ACS provides tips for staying healthy in 2016, beyond

(The following is a press release from the American Cancer Society.  For more details, visit or call 1-800-227-2345.)

The New Year is a natural time to try for a new start and do things better. Some of the most common – to lose weight, exercise more, and quit smoking – are healthy habits that can help you lower your cancer risk and benefit you for the rest of your life. More than 40% of American adults make New Year's resolutions, and almost half of them keep their resolutions for at least 6 months. Here are some tips and tools for making those resolutions and sticking to them.

Quick Tips for Starting your New Year off right –

Exercise - Be specific about your exercise goal. For example, instead of resolving to just get more, make a plan to walk 30 minutes every Monday, Wednesday, and Friday.  Think you don't have time to add any physical activity to your day? Try simple substitutions, such as using stairs rather than an elevator, walking to visit co-workers instead of sending an email, and using a stationary bicycle or treadmill while watching TV. Studies show that getting even just 15 more minutes of exercise a day can help you live longer.

Eat better - Eat a little less by avoiding oversized portions. For example, the amount of meat recommended as part of a healthy meal is about 3 ounces, or the size of an iPhone.  Eat a little healthier by adding more vegetables, fruits, and fiber to your meals and leaving out some of the sugar, fat, and calories.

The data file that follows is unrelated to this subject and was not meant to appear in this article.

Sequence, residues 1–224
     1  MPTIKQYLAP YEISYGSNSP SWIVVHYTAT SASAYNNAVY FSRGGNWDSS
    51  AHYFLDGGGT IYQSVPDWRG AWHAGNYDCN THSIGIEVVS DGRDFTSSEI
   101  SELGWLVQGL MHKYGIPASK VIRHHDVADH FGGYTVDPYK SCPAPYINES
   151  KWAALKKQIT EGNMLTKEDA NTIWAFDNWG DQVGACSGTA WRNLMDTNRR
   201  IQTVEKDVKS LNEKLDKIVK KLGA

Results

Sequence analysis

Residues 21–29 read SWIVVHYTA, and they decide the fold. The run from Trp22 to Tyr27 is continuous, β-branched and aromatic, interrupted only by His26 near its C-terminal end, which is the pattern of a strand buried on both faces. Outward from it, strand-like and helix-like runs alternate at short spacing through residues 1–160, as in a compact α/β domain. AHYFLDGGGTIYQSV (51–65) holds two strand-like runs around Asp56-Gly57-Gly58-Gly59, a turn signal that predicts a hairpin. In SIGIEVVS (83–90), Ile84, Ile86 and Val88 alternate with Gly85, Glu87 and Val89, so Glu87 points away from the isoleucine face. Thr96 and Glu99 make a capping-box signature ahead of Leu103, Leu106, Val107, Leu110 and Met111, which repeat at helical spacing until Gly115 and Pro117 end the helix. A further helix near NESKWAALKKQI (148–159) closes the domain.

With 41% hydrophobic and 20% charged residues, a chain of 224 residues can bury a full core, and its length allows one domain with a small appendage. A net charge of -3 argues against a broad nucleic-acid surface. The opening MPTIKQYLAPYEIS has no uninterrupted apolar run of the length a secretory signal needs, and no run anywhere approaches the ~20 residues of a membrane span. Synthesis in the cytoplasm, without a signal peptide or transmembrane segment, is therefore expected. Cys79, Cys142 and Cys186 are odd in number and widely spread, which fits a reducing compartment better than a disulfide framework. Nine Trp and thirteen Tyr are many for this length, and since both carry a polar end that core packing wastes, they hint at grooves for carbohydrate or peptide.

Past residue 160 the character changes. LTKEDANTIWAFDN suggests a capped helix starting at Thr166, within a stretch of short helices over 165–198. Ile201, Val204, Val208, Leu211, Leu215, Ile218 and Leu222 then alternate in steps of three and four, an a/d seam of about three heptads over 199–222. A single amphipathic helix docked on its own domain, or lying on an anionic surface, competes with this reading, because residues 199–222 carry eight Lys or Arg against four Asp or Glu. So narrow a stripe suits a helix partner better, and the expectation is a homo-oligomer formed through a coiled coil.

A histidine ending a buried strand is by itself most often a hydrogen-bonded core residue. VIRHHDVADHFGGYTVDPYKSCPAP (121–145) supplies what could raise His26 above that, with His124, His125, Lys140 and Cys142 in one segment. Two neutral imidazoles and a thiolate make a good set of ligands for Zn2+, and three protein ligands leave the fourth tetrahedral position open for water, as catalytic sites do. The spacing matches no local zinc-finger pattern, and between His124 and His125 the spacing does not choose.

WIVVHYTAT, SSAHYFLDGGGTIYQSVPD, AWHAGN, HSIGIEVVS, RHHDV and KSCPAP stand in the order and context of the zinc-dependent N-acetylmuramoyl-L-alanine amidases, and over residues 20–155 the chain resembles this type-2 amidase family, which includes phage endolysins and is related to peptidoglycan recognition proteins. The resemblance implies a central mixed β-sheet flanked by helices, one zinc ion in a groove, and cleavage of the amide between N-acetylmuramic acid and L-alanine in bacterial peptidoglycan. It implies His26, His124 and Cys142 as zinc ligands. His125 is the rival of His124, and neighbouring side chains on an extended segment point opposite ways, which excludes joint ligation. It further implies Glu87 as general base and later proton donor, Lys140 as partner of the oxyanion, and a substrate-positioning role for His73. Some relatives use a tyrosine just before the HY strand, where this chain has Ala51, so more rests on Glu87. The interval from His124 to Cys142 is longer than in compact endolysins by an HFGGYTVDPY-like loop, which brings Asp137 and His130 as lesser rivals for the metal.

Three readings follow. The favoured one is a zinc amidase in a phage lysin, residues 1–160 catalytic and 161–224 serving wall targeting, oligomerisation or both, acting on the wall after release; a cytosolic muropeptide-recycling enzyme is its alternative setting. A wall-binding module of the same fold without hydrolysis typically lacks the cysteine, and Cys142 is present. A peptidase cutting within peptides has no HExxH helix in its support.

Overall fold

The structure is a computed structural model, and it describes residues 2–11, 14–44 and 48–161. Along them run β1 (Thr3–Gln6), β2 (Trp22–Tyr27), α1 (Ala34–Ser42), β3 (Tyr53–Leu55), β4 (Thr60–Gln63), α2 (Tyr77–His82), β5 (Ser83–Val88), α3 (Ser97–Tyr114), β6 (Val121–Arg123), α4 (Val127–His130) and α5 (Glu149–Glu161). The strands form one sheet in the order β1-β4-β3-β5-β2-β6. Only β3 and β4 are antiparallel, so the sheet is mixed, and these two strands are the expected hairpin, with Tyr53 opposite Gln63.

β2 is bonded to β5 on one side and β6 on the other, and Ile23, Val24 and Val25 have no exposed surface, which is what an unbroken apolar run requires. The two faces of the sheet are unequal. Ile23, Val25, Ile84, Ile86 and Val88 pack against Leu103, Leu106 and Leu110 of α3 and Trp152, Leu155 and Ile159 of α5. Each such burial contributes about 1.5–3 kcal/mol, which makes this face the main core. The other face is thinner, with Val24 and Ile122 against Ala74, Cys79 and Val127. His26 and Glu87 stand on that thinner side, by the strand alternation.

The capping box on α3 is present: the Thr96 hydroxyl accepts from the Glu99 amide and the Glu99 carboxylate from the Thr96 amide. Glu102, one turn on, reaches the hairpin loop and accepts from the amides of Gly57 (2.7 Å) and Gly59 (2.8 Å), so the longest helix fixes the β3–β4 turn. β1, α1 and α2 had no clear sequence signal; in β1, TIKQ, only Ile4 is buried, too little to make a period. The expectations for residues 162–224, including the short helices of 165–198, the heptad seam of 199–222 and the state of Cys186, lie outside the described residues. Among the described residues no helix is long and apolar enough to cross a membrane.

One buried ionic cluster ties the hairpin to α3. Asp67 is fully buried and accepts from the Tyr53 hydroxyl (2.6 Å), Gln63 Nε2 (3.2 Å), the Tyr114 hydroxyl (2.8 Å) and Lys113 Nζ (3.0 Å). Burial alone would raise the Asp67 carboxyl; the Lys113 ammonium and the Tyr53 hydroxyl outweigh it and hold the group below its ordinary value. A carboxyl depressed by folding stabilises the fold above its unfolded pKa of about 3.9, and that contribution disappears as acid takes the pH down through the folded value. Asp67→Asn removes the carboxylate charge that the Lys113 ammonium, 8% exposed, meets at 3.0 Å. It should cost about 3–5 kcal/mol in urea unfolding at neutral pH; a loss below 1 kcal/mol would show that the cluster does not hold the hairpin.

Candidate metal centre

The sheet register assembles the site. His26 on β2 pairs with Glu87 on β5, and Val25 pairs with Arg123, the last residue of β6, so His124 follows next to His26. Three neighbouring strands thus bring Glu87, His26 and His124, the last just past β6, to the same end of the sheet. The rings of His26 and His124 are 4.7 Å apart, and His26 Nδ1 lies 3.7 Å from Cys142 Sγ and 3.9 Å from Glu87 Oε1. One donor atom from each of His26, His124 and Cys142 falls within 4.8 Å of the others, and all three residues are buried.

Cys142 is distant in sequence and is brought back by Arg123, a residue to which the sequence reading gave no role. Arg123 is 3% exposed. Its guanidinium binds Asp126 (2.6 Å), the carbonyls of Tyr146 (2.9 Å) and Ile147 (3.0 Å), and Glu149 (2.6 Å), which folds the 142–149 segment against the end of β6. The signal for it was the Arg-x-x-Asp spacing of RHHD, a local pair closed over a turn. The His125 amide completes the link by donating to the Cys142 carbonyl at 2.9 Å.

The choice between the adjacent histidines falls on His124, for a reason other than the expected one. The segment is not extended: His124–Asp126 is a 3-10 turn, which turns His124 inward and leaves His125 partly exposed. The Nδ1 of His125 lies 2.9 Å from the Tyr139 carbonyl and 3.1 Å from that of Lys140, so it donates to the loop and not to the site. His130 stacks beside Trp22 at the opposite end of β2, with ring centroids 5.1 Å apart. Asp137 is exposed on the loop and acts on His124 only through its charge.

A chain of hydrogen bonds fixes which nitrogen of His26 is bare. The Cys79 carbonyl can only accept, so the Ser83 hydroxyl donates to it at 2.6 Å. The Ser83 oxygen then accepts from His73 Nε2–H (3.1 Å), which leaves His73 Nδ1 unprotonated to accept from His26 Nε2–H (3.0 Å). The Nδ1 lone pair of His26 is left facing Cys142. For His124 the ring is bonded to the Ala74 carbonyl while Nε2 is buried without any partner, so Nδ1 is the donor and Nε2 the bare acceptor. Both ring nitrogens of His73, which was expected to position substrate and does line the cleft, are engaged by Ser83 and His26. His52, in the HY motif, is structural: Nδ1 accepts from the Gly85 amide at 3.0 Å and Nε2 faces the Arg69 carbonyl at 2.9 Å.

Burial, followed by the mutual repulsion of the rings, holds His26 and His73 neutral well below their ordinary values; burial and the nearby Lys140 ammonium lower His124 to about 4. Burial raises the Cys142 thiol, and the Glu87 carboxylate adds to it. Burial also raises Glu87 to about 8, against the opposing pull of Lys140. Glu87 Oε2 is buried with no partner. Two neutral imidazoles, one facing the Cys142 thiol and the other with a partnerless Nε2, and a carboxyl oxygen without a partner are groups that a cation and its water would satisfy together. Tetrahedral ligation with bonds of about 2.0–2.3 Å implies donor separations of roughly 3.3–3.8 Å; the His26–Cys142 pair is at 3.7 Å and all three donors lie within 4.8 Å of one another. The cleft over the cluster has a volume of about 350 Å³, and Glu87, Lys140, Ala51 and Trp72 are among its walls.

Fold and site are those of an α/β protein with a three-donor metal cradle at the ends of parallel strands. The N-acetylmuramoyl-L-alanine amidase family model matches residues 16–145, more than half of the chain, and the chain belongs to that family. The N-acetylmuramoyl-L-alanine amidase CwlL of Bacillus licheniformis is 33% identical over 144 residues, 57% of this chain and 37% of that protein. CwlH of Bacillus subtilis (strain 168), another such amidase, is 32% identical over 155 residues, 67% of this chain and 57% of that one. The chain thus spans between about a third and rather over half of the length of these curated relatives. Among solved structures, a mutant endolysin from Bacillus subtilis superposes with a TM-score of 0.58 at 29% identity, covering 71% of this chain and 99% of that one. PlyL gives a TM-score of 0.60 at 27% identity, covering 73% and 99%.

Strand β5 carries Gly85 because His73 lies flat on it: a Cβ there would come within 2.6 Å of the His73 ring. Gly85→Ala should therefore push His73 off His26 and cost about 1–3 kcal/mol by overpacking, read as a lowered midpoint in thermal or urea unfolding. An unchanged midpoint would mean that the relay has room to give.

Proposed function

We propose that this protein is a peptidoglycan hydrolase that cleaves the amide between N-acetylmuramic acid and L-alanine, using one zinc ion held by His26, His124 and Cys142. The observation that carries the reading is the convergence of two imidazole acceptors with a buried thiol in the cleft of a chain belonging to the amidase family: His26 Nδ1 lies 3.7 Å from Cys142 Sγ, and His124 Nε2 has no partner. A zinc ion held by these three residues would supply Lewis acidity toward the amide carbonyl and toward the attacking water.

Quit smoking - Ask the American Cancer Society to help you quit smoking. Research shows that getting help increases your chances of success. Visit or call us at 1-800-227-2345 and we'll help you get started. Quitting smoking is the most important action you can take to reduce your cancer risk. Half of all smokers who keep smoking will end up eventually dying from a smoking-related illness.

Each year, more than 572,000 Americans die of cancer; about one-third of these deaths are linked to poor diet, physical inactivity, and carrying too much weight.

Cancer Screenings – This month is January:  Cervical Cancer Awareness Month.  This reminds us that cervical cancer was once one of the most common causes of cancer death for American women. But over the last 30 years, the cervical cancer death rate has gone down by more than 50%. The main reason for this change was the increased use of screening tests, most commonly used is the PAP test.  So for women, get your yearly exam and make sure it includes a Cervical Cancer Screening.  And for men, make sure your yearly physical exam, includes all cancer screenings that apply to you.